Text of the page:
Sand and spice on Ko Samui, Thailand

Sand and spice on Ko Samui, Thailand

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Ko Samui is perhaps an unlikely spot to learn the art of Thai cooking. Given the choice between lapping up rays on a patch of sand, palms and waterfalls in the Gulf of Thailand or arming yourself with a sharp cleaver to take on a mound of raw pork and fiery chilies, most people will surely opt for the former – especially when the best plate of food you’re likely to have in your life costs about a buck at the local market.

Yet the packed schedule at the Samui Institute of Thai Culinary Arts suggests otherwise. The school focuses on central Thai food, considered the classic style among the country’s four regional cuisines, with its coconut-milk curries and flavoursome balance of hot, sour, salty and sweet.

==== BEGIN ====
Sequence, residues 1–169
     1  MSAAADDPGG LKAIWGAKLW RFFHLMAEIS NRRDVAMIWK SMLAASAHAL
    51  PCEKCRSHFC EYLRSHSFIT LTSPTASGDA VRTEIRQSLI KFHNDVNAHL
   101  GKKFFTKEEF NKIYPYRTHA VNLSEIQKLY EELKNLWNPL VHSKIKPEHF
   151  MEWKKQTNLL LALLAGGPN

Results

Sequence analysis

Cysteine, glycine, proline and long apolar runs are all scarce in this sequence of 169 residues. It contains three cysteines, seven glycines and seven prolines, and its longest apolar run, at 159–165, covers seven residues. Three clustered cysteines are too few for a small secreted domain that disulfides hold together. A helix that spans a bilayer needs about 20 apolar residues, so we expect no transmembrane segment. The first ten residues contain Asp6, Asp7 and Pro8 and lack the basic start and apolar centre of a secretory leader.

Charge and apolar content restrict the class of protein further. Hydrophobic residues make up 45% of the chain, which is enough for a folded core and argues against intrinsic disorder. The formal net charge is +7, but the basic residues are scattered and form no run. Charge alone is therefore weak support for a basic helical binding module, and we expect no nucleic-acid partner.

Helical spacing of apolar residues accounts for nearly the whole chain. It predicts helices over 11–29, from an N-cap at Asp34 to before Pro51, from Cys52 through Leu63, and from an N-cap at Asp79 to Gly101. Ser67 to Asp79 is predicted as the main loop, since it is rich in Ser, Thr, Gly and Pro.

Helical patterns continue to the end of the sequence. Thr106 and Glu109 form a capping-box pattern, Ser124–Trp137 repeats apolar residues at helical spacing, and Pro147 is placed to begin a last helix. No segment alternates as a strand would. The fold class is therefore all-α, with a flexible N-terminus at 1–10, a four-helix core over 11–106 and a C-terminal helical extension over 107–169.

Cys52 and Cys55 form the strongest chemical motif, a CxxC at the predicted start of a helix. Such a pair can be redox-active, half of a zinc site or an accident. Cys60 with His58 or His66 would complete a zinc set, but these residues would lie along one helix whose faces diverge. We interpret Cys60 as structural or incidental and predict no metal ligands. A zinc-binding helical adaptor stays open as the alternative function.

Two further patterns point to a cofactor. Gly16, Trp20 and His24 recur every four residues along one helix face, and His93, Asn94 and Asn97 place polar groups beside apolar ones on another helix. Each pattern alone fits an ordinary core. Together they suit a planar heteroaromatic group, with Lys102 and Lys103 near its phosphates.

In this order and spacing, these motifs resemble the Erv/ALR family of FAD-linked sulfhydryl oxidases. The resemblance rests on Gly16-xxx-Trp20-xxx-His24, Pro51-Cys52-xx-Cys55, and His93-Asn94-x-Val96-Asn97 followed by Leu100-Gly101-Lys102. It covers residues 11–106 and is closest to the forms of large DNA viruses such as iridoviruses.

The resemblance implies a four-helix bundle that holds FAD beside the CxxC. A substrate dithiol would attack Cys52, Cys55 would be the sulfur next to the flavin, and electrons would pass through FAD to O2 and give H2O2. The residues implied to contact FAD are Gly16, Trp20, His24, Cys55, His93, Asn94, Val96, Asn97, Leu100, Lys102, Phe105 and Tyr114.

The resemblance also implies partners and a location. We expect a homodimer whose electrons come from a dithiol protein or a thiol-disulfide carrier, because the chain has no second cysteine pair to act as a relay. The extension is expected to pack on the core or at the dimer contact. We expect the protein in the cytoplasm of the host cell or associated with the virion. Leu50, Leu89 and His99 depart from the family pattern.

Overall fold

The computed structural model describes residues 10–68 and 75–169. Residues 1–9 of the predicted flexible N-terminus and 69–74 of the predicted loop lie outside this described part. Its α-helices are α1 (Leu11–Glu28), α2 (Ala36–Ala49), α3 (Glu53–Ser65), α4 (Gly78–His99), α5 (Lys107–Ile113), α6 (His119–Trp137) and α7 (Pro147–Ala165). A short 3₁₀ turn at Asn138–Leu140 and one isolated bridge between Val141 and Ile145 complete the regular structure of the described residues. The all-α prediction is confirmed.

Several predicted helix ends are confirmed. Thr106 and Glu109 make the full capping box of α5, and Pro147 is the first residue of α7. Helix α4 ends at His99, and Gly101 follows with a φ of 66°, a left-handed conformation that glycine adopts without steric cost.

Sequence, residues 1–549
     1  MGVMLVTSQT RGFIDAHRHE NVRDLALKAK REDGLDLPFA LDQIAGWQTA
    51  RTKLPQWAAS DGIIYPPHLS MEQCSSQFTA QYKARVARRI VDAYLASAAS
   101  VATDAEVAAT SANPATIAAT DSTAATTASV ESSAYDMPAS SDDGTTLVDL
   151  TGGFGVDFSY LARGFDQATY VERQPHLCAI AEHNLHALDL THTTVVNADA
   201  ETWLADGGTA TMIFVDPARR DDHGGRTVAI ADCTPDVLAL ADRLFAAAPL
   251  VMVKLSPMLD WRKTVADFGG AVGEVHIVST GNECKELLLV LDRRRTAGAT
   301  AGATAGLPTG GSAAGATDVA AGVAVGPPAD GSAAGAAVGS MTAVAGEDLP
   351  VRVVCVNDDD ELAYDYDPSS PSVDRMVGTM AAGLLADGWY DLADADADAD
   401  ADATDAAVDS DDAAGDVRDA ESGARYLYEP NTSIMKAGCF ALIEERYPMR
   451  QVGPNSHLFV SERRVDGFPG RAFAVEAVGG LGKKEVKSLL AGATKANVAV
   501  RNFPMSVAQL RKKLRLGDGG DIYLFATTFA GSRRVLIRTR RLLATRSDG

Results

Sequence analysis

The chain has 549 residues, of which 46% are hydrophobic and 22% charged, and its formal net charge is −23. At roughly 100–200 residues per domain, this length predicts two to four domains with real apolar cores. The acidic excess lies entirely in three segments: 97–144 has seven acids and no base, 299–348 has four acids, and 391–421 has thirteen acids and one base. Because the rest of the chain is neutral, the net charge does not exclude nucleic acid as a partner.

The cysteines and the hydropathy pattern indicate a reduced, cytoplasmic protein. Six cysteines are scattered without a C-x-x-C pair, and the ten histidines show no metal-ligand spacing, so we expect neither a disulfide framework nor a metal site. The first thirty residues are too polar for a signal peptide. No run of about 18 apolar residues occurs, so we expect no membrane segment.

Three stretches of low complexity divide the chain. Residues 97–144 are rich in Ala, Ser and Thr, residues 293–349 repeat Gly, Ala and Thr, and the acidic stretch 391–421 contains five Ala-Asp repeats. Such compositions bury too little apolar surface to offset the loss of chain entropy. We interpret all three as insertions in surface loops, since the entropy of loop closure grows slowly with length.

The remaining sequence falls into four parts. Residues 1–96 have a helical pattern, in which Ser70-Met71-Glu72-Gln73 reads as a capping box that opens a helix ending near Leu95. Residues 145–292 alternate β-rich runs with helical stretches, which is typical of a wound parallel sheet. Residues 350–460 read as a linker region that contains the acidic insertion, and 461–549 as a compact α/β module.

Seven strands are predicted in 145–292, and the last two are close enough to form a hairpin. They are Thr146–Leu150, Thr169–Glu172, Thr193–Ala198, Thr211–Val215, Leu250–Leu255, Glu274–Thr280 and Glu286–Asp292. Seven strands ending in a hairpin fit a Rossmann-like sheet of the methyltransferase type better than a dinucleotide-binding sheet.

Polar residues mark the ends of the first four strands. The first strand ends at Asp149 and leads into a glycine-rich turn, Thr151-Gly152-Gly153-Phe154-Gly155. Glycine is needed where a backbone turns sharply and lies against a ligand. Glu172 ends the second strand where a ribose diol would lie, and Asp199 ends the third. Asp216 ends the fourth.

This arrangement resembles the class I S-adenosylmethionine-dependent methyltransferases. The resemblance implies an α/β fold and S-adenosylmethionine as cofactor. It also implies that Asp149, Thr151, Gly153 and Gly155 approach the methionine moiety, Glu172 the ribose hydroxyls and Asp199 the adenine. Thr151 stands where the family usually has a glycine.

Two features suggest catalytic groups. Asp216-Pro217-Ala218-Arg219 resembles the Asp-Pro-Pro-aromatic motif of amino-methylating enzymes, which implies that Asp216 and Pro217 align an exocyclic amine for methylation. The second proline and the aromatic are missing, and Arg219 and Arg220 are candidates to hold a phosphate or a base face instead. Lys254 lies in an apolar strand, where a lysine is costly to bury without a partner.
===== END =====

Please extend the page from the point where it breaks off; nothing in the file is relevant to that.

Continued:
The classes begin with a discussion of the ingredients (and how to substitute for those hard to find outside Southeast Asia), work up to wok skills and end with a feast of your own making, an array of tempting and delicious stir fries, curries and soups.

Walk into the school’s unassuming shophouse just off Samui’s Chaweng Beach and you may wonder whether you’ve been shanghaied into a tropical Iron Chef gone awry. A sea of tiny bowls bursting with cumin seeds, tamarind, coriander root, galangal and shrimp paste lie scattered across the prep tables, and you’ve got a little more than two hours to whip up three dishes. But before panic sets in, the lead chef calmly explains how to chiffonade a kaffir lime leaf, and soon enough, you’re grinding out a proper chili paste in a mortar and pestle with the steady hand of a market lady who’s been at it for fifty years.

It can’t be this easy, can it? You chop a few more chilies, toss in an extra dash of fish sauce, swirl the wok and – aroy mak – you’ve just duplicated that tom yum kai (spicy shrimp soup) you saw at the market. So what if it cost a few dollars more?

Classes are held twice daily at SITCA, on Soi Colibri.

 

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